Food for Thought: Market Levels in Inflation Adjusted Terms

Consider the inflation adjusted values in the three major US markets.  If all economic value (real return in excess of inflation) created in the last 8 and 18 years respectively were to be completed wiped away, such that there was no economic growth, but just an accounting for inflation, the indexes would settle as follows from their 2007 highs.

Inflation Adjusted Market Values 2007 Dollars

Inflation Adjusted Index Values in 2007 Dollars

The way to read this table is that the 2007 DJIA high of 14,093 would be equal to 11,704 in the year 2000, using 2007 dollars.  Similarly, the DJIA high in 2007 is equal to 8,883 in the year 1990, adjusted by 2007 dollars.  Of course this is less than scientific because the constituents and weightings of each of these indices has changed dramatically over the periods observed.  Nonetheless, it is an approximation.

Assuming approximate accuracy in this method, simple logic would indicate that the above referenced table illustrates negative real returns in all three indices since 1990 given recent index prices.  If that is to be true, then we would need to see a much more serious and severe contraction in GDP to make today’s index values indicative of fundamentals.

Now consider the table below.  This table represents actual index values at the end of the years 2000 and 1990.  These historical index values have also been adjusted for inflation in 2008 dollars for a comparison the other way around.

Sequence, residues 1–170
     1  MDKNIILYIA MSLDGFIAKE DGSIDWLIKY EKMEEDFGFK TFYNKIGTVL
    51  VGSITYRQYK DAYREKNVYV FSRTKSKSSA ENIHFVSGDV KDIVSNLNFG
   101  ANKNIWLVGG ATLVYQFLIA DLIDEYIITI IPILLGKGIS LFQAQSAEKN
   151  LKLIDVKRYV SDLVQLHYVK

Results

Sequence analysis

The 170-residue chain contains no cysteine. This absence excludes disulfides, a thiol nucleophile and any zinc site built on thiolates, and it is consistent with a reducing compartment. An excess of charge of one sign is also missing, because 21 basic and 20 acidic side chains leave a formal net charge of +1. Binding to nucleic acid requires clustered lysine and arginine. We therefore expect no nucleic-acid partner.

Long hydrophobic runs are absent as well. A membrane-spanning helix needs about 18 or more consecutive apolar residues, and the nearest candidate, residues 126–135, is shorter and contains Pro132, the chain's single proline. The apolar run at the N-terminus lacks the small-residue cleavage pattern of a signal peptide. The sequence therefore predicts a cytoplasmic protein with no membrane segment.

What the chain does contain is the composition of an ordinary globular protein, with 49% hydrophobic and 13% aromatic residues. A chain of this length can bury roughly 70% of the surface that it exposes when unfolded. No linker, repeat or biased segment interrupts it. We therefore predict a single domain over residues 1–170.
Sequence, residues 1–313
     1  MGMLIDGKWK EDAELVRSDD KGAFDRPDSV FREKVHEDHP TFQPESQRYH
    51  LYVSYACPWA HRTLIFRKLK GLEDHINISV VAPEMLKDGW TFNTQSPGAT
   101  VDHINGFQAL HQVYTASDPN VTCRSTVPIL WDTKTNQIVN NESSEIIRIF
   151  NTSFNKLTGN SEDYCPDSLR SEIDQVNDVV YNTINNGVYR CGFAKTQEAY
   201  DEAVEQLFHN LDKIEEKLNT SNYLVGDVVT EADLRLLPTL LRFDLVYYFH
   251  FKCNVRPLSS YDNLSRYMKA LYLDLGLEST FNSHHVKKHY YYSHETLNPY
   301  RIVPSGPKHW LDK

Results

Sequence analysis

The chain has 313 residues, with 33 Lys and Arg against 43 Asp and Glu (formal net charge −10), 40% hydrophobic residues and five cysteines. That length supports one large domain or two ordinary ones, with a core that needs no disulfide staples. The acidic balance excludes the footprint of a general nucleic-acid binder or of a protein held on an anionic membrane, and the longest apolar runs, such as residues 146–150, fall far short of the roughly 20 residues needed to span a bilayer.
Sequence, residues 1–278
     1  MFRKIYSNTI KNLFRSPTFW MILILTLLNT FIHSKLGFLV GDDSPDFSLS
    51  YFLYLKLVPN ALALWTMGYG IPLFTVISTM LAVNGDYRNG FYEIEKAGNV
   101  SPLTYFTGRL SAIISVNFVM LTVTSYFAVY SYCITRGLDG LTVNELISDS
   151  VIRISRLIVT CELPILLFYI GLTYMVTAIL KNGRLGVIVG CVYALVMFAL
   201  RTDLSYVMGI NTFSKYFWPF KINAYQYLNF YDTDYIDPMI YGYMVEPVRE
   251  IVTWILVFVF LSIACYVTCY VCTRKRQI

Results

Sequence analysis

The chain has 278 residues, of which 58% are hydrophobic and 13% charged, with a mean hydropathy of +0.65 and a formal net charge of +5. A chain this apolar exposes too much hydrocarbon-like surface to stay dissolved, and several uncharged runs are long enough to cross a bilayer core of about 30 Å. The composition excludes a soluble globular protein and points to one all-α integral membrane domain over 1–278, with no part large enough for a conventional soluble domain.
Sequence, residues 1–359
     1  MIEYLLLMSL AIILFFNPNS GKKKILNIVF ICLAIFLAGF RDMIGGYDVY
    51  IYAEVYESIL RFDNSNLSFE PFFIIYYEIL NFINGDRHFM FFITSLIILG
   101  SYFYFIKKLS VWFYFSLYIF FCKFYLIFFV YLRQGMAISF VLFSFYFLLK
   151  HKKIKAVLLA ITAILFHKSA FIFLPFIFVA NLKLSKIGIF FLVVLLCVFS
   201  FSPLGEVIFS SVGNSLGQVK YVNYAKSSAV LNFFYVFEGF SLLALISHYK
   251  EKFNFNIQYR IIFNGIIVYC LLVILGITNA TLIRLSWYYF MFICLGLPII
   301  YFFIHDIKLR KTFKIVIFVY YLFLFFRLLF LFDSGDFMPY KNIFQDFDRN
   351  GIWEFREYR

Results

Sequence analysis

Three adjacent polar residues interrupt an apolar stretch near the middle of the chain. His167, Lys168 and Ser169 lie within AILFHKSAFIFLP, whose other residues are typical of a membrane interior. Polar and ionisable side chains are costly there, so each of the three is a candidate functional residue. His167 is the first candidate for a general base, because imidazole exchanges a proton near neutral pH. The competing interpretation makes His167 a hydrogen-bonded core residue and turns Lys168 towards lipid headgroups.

2000 & 1990 Closing Inflation Adjusted Index Values

Year End 2000 & 1990 Inflation Adjusted Index Values

The way to read this table is to look at the end of year index value for 2000, or for 1990 and consider the inflation adjusted value to the right.  For example, the S&P 500 closed the year 2000 near 1,320.  The inflation adjusted value for the S&P 500 from the year 2000, in 2008 dollars, would be 1,660.  Thus with no real growth in the S&P 500, inflation alone would have brought the S&P 500 up approximately 25%.  Similarly, the inflation adjusted year-end value of 328 for the S&P 500 in 1990 would be 544 in 2008 dollars.

From some sides the market seems quite overblown, but from others it could have a long way to go.  I suppose the two questions here would be: 1. How much real economic value had been destroyed? 2. What do the cyclical growth prospects look like for the economy over the next 10 to 20 years?

Whatever the answers are we will only know in hindsight.  However for the current market to be accurately reflecting reality, reality will have to get a whole lot worse.

Source:
Inflation Calculator
http://data.bls.gov/cgi-bin/cpicalc.pl

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